Building British Values, Character and Resilience in Every Child

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The recent white paper Educational Excellence Everywhere states that the Government is set on: “Building character and resilience in every child” It continues by stating that:

A 21st century education should prepare children for adult life by instilling the character traits and fundamental British values that will help them succeed: being resilient and knowing how to persevere, how to bounce back if faced with failure, and how to collaborate with others at work and in their private lives.

A gradual process of establishing the fundamental British value of knowing how to bounce back if faced with failure, a kind of ‘Dunkirk Spirit’, if you will, finds itself nestling in with collaboration, perseverance and resilience. I suppose those might be British values or, indeed, the character traits of adults, the traits that clearly do not feature in Ian Duncan Smith’s personality as his resignation proves he is poor when it comes to perseverance. His resignation letter also proves a damning indictment of the character of Osborne, implying that collaboration is an issue for the ex St Paul’s boy as he is unable to fashion the spirit of ‘we’re all in it together…’

The character of these Government ministers does not display the stated fundamental British values, is this a failure of their education? Is this the sort of thing that this white paper will ensure never occurs again? Will everyone pass the British character test?

The white paper continues:

These traits not only open doors to employment and social opportunities but underpin academic success, happiness and wellbeing… There are many different methods and the government has no intention of mandating a particular approach.

Fundamental British values underpin academic success? I’m not sure if this is borne out by the evidence, immigrant communities seem to perform well, if anything the long tail of underachievement, as it has been known as for years, seems to be fundamentally a trait of the indigenous population.

Maybe these traits – character and British values belong only to the successful and retrospectively we can blame misery on the lack of collaborative work and lack of resilience… Sorry, let’s think this through… Failure seems to be important, if you are able to ‘bounce back’, Chumbawumba did a song about it:

I get knocked down
But I get up again
You’re never going to keep me down

Pissing the night away

Fundamental British values of getting drunk, knocked down, getting up again… The value of failure – in an economy that is struggling at best, to put everything down to individual character is harsh to say the least but getting up and smashing the system might be a show of character…

But that would be anger… the white paper seems to extol the idea of happiness. The positive psychology movement and the smiley yellow self help gurus with their books are making their mark, but is ‘happiness’ a fundamental British value? Isn’t a good degree of pessimism or ‘mustn’t grumble’ grumbling the reasonably positive traits for those of us born in these Isles? Our sense of humour delights in our collective misery, our ‘happiness’ might depend on an attitude towards tragedy and the rocks that are hurled at us in the every day. Unbridled happiness might diminish the attitude of stoic irony that sees us through the downsizing economy and the efforts of our ‘Betters’ to ensure we are ‘happy’.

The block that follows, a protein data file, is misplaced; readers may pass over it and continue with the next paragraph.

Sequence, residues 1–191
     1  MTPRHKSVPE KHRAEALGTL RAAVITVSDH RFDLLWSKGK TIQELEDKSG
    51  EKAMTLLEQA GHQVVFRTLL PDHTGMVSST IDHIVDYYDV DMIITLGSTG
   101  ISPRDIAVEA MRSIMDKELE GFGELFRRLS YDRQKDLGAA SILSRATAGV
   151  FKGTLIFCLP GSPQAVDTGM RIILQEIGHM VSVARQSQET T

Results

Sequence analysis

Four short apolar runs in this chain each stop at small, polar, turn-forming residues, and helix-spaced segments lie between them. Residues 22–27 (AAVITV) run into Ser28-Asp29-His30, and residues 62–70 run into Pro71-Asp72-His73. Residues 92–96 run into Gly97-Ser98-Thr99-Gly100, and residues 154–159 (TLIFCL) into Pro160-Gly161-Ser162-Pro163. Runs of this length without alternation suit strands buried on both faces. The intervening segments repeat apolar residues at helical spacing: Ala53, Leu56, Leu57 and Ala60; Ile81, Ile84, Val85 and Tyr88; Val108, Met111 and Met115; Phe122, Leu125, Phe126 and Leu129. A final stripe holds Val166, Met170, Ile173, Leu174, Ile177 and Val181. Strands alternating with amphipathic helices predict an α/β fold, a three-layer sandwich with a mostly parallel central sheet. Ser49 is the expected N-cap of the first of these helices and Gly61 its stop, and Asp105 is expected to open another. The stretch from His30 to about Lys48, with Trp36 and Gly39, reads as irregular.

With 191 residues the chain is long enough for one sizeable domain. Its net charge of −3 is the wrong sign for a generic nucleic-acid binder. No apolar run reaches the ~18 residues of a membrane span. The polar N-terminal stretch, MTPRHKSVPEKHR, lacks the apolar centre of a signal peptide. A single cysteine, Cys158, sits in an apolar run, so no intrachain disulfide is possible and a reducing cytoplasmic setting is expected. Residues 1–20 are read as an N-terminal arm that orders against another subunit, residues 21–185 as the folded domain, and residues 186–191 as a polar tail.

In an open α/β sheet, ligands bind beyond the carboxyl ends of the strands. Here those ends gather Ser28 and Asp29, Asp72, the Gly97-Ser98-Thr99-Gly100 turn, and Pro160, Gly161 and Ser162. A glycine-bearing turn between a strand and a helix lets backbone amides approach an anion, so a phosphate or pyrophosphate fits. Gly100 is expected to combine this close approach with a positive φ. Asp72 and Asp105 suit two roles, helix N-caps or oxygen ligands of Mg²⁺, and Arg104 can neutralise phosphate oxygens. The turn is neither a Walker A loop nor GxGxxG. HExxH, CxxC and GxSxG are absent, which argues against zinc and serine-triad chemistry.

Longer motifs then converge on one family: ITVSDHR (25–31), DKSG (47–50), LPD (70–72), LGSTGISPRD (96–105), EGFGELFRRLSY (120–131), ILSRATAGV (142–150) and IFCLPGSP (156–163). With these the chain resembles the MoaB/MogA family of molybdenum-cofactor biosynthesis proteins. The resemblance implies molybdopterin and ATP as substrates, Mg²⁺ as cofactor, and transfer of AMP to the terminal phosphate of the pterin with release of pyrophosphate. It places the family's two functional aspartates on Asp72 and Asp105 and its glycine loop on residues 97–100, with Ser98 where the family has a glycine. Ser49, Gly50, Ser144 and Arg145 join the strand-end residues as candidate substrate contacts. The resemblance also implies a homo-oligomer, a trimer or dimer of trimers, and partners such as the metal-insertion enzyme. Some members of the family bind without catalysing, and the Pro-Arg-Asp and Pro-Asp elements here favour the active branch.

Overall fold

Many schools across the country already offer a wide range of imaginative, character-building opportunities to their pupils and our vision is for schools to increase their range of activities, based on strong relationships with local and national businesses, and voluntary and sporting organisations.

I’ve got nothing against this, it’s all to the good, though, depending on the business and what it intends to do with the child to ‘build their character’. It might be that the youth build their character through shifting trolleys around a windswept car park, which does indeed ‘build character’ and it might build a sense of ‘stoicism’, though it would be stretching it to call it happiness. This is where the ‘science’ comes in…

…we will work with the Behavioural Insights Team and What Works Centres to develop tools that schools can use to identify the most successful approaches to building character in their pupils, and to track how well those approaches are working. We will also work with expert organisations to provide a platform where teachers can share best practice about character development, evaluate new ideas, find professional development materials and contribute data to build the evidence base.

And:

We will ensure evidence-based approaches to character development are built into initial teacher training programmes; and work with networks like teaching schools to spread the most effective approaches to developing character in schools. Finally, we will deliver a new round of Character Awards, recognising the schools and organisations which are most successful in supporting children to develop key character traits.

This is where things might get sinister. As Theodore Dalrymple puts it:

The inherent tragic dimension of human existence [is] a dimension that only literature (and other forms of art), but not psychology, can capture, and which indeed it is psychology’s vocation to deny and hide from view with a thin veneer of science. Without an appreciation of the tragic dimension, all is shallowness; and those without it are destined for a life that is nasty and brutish, if not necessarily short.

This thin veneer of science will be placed over ‘character’ as though we can define it, measure it and judge whether the building of it is successful or not. What arrogance! This is government with a missionary zeal to convert your very self, not materially, but personally. This is government that feels its superiority, that is government by the Übermensch and they will use science to fool you into thinking that there is one way to be if you wish to be successful. This is shallow. It is also a sign of a culture in crisis. A confident culture can tolerate difference, opens itself up to conversation and argument about different ways to be, a society that tolerates, that knows it takes all sorts to make up the values that we could ascribe to be British or, indeed, human.